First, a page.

US 3238932 A
Description (OCR text may contain errors)
March 8, 1966 N B. H. SIMPSON 3,238,932
SEALED COOLING SYSTEM FOR AN INTERNAL COMBUSTION ENGINE Filed March 30, 1964 BRUCE bfJ/MPJO/V INVENTOR A R/VE'YS United States Patent Office 3,238,932 Patented Mar. 8, 1966 3,238,932 SEALED COOLING SYSTEM FOR AN INTERNAL COMBUSTIQN ENGINE Bruce H. Simpson, Deal-born, Mich., assignor to Ford Motor Company, Dearborn, Micl1., a corporation of Delaware Filed Mar. 30, 1964, Ser. No. 355,727 2 Claims. (Cl. 123-415) This invention relates to a sealed cooling system for an internal combustion engine and more particularly to the sealed cooling system that embodies a novel manner of precluding air contact with the coolant.
The emphasis upon reduced maintenance motor vehicles has created a demand for sealed engine cooling systems. In liquid cooled internal combustion engines, the coolant of a sealed system should contain sufficient inhibitors to preclude the formation of rust. The coolant also should have a low freezing point to meet all climatic conditions. It is additionally desirable to provide a coolant having a high boiling point to permit higher engine operating temperatures and to reduce the possibility of coolant losses through boiling.
Although long-life coolants have been proposed that retain their rust inhibiting and low freezing point characteristics, these coolan-ts can deteriorate within the normal vehicle life. One major cause of coolant deterioration is the chemical action that results from the contact of the coolant at high engine operating temperatures with air. It is desirable, therefore, to purge the cooling system of air to extend the life of the coolant.
The volume of the liquid coolant varies greatly between the lowest anticipated ambient temperature and the normal engine operating temperature. Some form of expansion device must be provided to accommodate these variations in coolant volume. In the conventional downflow radiator, the upper header tank serves as an expansion device. In a cross flow radiator, a separate expansion tank must be employed.
The header tank of a downflow radiator or the expansion tank of a cross flow radiator have sufficient air space to permit coolant expansion. The liquid turbulence within the expansion device, however, causes the air to enter the cooling system. Thus, even though the system may have been originally purged of air, air will soon enter the system and cause deterioration of the coolant.
It, therefore, is the principle object of this invention to provide a sealed cooling system that precludes the contact of air with the liquid coolant.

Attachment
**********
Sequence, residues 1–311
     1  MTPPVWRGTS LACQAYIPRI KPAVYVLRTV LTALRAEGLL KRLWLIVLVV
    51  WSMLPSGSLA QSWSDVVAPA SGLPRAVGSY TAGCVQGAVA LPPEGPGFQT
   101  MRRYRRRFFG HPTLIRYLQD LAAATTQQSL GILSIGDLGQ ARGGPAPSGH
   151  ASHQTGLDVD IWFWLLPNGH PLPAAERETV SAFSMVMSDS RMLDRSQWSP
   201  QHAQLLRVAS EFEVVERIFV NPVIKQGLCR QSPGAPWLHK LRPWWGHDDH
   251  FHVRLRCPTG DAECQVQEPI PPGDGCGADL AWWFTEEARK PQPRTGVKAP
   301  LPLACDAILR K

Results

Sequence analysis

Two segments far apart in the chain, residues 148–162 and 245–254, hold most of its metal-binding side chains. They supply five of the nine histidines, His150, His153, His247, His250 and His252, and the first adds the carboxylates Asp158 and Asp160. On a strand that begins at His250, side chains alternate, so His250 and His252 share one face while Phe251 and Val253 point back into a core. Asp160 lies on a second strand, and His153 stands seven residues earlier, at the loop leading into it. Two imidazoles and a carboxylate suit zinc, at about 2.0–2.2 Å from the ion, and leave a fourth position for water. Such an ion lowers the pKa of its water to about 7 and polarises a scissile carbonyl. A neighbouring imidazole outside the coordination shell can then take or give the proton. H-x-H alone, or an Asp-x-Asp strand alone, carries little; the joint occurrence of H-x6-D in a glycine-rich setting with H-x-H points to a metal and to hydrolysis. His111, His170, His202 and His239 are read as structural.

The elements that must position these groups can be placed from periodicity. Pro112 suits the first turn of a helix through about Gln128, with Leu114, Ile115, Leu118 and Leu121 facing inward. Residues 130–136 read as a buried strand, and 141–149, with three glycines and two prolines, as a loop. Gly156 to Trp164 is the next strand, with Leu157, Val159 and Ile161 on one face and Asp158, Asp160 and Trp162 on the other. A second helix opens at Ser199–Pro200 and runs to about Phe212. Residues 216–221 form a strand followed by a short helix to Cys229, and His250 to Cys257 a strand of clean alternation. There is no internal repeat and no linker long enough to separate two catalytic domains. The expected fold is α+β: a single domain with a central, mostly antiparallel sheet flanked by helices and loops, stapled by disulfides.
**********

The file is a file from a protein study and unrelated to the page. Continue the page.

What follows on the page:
A sealed liquid cooling system for an internal combustion engine embodying this invention comprises a cooling jacket for the engine. A heat exchanger is provided to dissipate the heat generated by the engine. Means are provided for circulating liquid coolant between the heat exchanger and the engine cooling jacket. An expansion device is provided to accommodate temperature induced variations in the volume of the liquid coolant. The expansion device comprises a substantially rigid container having an impervious flexible wall. The flexible wall is in contact with the liquid coolant at the minimum expected coolant volume within the system and is decformable by the coolant upon temperature induced increases in coolant volume.
Further objects and advantages of this invention will become more apparent when considered in conjunction with the accompanying drawings, wherein:
FIGURE 1 is a schematic view of an internal combustion engine and its cooling system showing a first embodiment of the invention.
FIGURE 2 is a partial cross sectional view of a radiator for an internal combustion engine showing another embodiment of the invention.
Referring now in detail to the drawings and in particular to FIGURE 1, a liquid cooled internal combustion engine is identified generally by the reference numeral 11. The engine 11 includes a cylinder block -12 and a cylinder head 13 that are provided with cooling jackets through which a suitable liquid coolant may be circulated. A crankshaft driven coolant pump 14 is positioned at the front of the cylinder block 12 for circulating the liquid coolant.
A cross-flow radiator or heat exchanger, indicated generally by the reference numeral 15, is positioned at the front of the engine 11. The radiator 15 has a central section 16 made up of a plurality of coolant flow tubes and heat exchanging fins. Header tanks 17 and 18 are positioned at each end of the section =16 in open communication with the tubes. An engine driven fan 19 causes air circulation across the radiator central section 16 to dissipate the heat generated by engine operation.
A coolant outlet fitting 2 1 is positioned at the front of the cylinder head 13. A coolant inlet fitting 22 is positioned at the upper end of the header tank 17. A flexible hose 23 is connected at opposite ends to the fittings 2'1 and 22 as by the clamps 24 and 25 for coolant flow from the engine cooling jacket to the radiator 15. A coolant outlet fitting 26 is positioned at the bottom of the header tank 18. A flexible hose 27 interconnects the outlet fitting 26 with the inlet side of the coolant pump 14.
The coolant within the engine 11, hoses 23 and 27, and the radiator 15 is purged of air when the system is initially filled. The aforementioned elements are filled completely with coolant at a normal ambient temperature. The coolant will expand at engine operating temperatures however. An expansion device, indicated generally by the reference numeral 28, is provided to accommodate the variations in volume of the engine coolant. The expansion device 28 is the highest point in the system and comprises a substantially rigid tank 29 having a coolant fitting 31. A flexible hose 3-2 is connected at one end to the fitting 31 by a clamp 33. The other end of the hose 3-2 is connected to a coolant fitting 34 positioned at the upper end of the header tank 17 by a clamp 35.